Perceived Barriers to Including Students with Visual Impairments in General Physical Education

in Adapted Physical Activity Quarterly
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The purpose of this study was to examine barriers perceived by teachers when including students with visual impairments in general physical education. Teachers (52 males, 96 females) who had children with visual impairments in their physical education classes were surveyed prior to in-service workshop participation. The most prevalent barriers were professional preparation, equipment, programming, and time. A logistic regression analysis, regressing gender, in-service training, number of students with visual impairments taught, masters degree attained, masters hours spent on visual impairments (yes or no), undergraduate hours spent on visual impairments (yes or no), and years of experience failed to indicate significant predictors of professional preparation as a barrier, Model χ2 (6, n = 148) = 4.48, p > .05.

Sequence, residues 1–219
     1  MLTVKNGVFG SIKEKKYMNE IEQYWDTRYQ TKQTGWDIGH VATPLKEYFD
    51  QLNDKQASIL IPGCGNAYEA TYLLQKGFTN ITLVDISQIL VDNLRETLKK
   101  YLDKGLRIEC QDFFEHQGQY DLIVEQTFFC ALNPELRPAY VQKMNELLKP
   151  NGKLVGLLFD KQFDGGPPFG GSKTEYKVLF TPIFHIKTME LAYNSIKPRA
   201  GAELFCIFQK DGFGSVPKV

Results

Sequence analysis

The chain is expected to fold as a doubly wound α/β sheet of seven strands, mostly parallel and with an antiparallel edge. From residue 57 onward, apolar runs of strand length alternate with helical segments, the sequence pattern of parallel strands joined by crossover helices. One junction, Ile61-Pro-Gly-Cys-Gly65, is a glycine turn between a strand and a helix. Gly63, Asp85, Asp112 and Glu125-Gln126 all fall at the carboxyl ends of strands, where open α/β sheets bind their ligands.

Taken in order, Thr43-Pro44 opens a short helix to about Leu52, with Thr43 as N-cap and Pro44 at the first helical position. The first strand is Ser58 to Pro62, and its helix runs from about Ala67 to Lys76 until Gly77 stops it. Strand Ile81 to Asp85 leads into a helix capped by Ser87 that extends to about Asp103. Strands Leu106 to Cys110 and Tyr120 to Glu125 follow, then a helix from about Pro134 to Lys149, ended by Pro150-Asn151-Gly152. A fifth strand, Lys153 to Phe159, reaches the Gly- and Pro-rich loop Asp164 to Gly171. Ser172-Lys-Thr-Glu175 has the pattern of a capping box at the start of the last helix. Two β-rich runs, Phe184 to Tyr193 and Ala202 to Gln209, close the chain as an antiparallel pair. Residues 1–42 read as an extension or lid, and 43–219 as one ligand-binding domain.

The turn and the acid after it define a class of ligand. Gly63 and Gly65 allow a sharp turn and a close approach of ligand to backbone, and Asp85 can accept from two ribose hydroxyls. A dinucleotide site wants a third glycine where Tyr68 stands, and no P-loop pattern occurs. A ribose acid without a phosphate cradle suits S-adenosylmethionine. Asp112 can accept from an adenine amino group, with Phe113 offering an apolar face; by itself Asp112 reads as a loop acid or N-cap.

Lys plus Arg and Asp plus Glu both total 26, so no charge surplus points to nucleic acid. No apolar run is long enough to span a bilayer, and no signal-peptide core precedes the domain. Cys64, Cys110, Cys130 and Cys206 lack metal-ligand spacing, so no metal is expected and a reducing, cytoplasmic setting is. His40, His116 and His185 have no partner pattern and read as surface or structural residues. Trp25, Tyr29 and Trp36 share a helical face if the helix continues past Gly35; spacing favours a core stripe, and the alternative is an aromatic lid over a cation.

Lauren J. Lieberman is an associate professor at SUNY College at Brockport, Department of Physical Education and Sport, 350 New Campus Drive, Brockport, NY 14420. Email: <llieberm@brockport.edu>. Cathy Houston-Wilson with the Department of Physical Education at SUNY College at Brockport; Francis M. Kozub is an assistant professor in the Department of Kinesiology at Indiana University, Bloomington.

Special thanks go to the New York State Commission for the Blind and the Minnesota Deaf-Blind Project for their support on this project.

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